I came home in the middle of Holy Week and so much needed to be done at home. It would have been so easy to pick up where I’d left off, carrying things not meant for me. But somewhere in the middle of the Holy Thursday liturgy, as the community prayed for wisdom, courage, and strength, I remembered to let go. I remembered that it’s okay to be small, to be weak, to be vulnerable – in other words, to be human in need of a Savior.

During my days on the Cape, I had wandered my favorite beaches. God Himself had washed my feet in the cold Atlantic ocean that I love so dearly under a sky that was my favorite shade of blue. The Spirit moved in the wild March winds and carried the reminder of my baptism in sleet and snow blown in off the waves. In all the world, there is no finer cathedral to be found than this. But just in case I’d started to forget any of it, as I left the Easter Vigil, the moon was rising over the church, a stiff March wind was blowing, and I could hear the waves crashing on the beach nearby. And in that sound there was a voice that said, Lighten up kid, I love you.

Let Go

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So what happens when you put a perfectionist with no artistic talent whatsoever in a painting studio? Eye twitches. Eye twitches happen. And clenching of the jaw and a death grip on the paintbrush. But it’s okay because I’m in a private party with some of my longtime Catholic grammar school friends and we’re all hopeless perfectionists. We’ll leave the connection between Catholic grammar school and perfectionist tendencies for another post. For now, there’s food and there’s mimosas. There’s music from our younger days. It’s all good. Except I can’t paint creatively. I can paint a room, including the trim, and it will be gorgeous. But a beach? At sunset? With palm trees?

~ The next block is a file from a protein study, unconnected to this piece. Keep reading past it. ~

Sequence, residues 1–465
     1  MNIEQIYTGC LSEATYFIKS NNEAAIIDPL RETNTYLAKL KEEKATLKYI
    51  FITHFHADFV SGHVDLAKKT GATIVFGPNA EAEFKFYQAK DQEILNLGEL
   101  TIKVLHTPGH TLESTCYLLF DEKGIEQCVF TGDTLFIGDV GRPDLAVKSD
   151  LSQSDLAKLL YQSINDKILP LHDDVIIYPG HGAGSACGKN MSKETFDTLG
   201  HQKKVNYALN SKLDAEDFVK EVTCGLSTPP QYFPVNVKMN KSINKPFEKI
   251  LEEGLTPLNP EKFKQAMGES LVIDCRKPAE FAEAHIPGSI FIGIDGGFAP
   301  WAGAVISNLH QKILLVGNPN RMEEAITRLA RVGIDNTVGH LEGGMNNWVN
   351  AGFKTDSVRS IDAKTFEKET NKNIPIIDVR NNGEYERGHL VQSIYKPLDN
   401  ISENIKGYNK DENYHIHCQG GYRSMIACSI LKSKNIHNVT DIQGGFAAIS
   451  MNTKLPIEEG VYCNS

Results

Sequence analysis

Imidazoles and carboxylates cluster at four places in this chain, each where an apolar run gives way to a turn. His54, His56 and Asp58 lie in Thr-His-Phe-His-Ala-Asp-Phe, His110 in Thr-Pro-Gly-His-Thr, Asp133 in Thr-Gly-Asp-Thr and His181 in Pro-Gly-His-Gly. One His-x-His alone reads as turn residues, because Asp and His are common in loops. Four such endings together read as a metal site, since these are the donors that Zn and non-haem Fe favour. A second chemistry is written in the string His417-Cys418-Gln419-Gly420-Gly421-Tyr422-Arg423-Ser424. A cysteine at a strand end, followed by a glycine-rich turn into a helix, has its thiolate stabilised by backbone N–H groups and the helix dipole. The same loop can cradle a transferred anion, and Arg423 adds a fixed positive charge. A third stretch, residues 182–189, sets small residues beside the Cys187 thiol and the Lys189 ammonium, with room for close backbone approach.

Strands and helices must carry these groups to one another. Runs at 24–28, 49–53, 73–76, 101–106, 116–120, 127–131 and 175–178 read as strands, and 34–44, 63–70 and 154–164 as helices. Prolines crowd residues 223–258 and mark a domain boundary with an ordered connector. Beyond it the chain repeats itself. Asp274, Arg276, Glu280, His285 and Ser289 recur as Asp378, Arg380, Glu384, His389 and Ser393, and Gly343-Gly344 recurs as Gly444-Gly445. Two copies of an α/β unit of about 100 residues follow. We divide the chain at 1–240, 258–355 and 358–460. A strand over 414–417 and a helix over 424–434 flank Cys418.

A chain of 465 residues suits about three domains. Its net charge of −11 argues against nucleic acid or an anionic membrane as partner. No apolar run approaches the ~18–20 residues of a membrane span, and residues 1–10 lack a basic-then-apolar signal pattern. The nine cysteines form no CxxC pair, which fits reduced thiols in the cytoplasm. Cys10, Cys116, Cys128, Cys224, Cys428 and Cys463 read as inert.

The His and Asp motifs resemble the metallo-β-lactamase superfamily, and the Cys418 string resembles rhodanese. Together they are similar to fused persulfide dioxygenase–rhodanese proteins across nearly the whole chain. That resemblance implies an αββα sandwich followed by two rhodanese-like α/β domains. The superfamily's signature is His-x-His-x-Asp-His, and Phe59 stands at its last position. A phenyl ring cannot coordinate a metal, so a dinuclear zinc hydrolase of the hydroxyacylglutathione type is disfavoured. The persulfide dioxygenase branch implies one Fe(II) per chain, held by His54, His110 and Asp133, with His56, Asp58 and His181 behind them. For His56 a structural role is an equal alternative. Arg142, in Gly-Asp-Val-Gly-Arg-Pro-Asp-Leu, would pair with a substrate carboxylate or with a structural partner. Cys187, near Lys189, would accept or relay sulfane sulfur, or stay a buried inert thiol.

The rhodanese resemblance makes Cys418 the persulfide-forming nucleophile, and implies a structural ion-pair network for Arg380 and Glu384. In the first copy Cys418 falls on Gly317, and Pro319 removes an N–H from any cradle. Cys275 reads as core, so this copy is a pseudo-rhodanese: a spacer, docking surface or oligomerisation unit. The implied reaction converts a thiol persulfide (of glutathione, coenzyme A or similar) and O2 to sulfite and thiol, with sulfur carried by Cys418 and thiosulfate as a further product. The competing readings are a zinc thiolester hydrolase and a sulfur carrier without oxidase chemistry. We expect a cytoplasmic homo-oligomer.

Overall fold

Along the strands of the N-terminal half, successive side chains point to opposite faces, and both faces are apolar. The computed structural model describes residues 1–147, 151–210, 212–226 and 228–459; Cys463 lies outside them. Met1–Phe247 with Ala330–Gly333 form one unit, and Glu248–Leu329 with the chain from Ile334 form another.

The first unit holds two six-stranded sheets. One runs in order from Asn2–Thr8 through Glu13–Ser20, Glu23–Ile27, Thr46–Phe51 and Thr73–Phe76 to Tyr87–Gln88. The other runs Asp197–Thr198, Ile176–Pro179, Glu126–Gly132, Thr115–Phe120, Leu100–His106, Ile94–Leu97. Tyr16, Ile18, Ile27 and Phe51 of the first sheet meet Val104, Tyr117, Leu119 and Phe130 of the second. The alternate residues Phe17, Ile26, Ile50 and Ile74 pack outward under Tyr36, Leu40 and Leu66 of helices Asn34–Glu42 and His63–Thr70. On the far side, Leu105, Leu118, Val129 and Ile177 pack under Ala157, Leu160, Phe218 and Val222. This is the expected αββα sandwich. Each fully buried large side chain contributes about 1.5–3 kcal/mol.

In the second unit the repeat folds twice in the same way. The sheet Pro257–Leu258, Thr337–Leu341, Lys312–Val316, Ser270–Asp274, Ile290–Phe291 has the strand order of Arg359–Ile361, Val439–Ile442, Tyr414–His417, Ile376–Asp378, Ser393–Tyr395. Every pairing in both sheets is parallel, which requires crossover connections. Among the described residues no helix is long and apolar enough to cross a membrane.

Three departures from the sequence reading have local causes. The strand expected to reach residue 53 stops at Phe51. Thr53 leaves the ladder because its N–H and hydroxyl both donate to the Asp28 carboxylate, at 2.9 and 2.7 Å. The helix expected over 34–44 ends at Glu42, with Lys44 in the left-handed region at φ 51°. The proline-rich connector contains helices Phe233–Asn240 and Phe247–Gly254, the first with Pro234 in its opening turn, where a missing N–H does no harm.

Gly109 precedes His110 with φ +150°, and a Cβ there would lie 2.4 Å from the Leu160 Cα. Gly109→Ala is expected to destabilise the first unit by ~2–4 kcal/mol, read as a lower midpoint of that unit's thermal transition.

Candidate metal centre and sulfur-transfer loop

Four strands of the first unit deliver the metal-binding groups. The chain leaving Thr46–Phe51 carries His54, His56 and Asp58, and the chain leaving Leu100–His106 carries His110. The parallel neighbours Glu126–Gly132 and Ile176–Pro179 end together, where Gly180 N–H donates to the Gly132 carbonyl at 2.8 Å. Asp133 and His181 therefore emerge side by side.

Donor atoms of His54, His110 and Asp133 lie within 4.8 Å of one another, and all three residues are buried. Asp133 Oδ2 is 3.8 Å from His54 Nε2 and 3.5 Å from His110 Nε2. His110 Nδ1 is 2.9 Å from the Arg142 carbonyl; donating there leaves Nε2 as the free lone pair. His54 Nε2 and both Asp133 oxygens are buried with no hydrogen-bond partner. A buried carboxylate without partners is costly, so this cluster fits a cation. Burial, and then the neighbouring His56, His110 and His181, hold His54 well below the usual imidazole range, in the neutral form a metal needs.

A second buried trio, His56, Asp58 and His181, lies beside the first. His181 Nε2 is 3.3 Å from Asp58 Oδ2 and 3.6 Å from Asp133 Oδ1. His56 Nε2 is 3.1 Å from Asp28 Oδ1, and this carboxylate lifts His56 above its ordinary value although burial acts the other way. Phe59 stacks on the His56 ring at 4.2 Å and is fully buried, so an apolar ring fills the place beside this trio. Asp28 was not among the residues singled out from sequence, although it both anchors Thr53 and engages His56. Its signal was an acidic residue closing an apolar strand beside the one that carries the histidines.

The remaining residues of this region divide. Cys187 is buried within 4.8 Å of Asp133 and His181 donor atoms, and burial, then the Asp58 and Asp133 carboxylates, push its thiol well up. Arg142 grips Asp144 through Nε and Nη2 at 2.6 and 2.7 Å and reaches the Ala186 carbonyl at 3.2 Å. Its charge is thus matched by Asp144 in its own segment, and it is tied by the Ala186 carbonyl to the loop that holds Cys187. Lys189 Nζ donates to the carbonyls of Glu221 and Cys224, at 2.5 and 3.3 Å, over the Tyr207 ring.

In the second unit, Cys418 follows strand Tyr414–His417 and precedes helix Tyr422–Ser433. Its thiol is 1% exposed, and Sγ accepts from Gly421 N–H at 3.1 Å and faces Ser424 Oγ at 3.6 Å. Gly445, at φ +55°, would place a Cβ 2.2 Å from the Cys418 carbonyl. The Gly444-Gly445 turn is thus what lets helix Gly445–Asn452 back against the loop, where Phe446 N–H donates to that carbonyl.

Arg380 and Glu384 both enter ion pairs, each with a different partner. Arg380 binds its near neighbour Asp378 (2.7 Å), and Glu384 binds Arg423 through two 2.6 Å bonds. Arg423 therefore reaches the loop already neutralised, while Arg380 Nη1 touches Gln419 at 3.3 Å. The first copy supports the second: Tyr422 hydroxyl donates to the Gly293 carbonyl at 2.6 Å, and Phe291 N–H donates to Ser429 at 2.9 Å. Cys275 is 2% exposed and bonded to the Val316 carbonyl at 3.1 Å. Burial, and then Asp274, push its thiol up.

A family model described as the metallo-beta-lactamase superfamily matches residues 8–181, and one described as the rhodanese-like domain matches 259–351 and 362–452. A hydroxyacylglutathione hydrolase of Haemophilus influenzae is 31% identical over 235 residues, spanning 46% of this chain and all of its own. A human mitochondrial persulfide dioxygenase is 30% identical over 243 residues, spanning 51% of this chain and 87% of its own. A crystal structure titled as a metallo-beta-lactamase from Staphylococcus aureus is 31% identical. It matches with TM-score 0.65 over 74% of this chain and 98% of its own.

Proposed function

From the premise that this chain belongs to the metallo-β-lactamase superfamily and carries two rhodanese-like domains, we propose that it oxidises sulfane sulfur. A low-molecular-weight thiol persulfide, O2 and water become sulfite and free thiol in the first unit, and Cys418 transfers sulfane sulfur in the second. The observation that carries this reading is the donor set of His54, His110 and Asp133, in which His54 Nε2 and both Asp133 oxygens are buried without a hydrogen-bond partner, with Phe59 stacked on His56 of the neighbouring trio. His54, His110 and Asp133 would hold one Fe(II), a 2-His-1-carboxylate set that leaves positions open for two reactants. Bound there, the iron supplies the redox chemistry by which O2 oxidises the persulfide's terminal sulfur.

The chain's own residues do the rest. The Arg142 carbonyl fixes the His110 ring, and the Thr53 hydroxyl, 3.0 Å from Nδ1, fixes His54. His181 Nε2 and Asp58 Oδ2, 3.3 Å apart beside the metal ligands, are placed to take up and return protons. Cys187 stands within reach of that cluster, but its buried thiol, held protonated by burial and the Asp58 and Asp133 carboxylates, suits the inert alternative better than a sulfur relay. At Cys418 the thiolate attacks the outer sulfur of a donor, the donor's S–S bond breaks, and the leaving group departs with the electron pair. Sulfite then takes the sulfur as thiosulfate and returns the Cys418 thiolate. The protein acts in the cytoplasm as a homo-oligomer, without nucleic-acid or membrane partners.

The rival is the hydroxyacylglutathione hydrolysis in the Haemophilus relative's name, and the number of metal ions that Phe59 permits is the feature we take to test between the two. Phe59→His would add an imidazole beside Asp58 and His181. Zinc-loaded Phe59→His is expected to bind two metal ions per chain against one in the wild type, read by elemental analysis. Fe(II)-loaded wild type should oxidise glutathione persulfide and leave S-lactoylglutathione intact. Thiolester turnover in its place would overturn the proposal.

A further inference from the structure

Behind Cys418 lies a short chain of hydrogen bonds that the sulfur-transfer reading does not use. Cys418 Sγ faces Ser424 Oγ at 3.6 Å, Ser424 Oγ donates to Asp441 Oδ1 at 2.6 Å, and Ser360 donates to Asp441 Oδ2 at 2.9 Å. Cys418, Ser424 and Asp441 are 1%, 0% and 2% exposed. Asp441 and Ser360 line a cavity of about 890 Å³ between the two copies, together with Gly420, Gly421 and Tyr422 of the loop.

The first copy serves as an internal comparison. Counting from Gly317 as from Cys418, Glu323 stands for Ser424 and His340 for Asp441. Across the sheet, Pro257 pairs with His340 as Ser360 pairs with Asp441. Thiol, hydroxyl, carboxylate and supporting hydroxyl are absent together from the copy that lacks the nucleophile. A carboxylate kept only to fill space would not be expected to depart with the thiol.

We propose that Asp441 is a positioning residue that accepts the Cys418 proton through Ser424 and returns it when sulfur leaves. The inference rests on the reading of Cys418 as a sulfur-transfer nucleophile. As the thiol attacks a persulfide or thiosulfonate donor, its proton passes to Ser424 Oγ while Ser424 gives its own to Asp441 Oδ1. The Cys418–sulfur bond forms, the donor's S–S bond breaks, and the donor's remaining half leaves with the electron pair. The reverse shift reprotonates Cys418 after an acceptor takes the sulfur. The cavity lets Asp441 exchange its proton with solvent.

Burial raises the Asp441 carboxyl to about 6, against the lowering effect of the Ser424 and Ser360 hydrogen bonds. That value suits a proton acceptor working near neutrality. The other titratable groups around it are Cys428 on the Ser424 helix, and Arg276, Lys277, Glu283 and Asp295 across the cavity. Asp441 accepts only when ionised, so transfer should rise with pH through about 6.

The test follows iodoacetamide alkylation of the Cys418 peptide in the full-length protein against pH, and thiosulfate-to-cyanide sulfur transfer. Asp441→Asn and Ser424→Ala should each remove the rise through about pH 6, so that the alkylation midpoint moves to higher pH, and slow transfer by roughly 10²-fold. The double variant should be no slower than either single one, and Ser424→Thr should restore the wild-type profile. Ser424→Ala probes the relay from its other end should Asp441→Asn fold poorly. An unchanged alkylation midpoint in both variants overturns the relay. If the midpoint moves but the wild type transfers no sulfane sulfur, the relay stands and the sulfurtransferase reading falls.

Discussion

Ha ha ha! No.

For the next couple of hours, I reminded myself with every third stroke of the paintbrush to lighten up and let go. In the end, we all had a great time. We laughed ourselves silly and I came home with some great memories of friends that I love dearly and a painting of a beach at sunset – or the beginning of the apocalypse – with what could be either a sickly palm tree or a dead tarantula on it. But whatever, it’s hanging in my kitchen, conveniently covering the calendar, and, oddly enough, I’m rather fond of my apocalyptic tarantula.

I suppose my fondness for this painting has less to do with what it looks like and a lot more to do with what went into it. And I suppose maybe that applies to a lot of things in my life. I know where I’ve been and I know what it took for me to be where I am. The last few months got way more hectic than I can comfortably handle. So when I caught myself reading American history during what was supposed to be my prayer time at the beach in the morning, I knew something had to give. I need that time with God far more than I need an A in history. Yeah, I actually had to read that sentence out loud a few times until I could say it without my voice shaking.  I will most likely walk away from this summer class without an A, bringing an end to a two-year streak of perfect grades, and I am okay with that because I know what when into it was the best I had to give at this point in time. It seems like perfect timing that the Week of Guided Prayer starts this weekend just as one class ends and the next one starts. It’s the precisely the interruption I need. I’m not feeling like I’m on the most solid of footing, but that’s okay too because when I first attended the Week ten years ago, it was supposed to be a one-shot deal and yet, here I am again. I’ve been on more solid ground and I’ve been on shakier but it doesn’t matter because it’s all holy ground.

So, ultimately, what did my little foray into the arts teach me? That sometimes it’s okay to let go and when I find that things aren’t turning out quite the way I think they should, it’s completely cool – and actually rather helpful – to throw down the paintbrush, jump up and dance the YMCA with three other friends while the rest of the class paints on. Because in the end, it was never about the perfect beach painting. It was about the part of my soul that went into it. And you know, I think that’s pretty much what life is all about in the end. It’s not about what life looks like. It’s about how much soul goes into living it.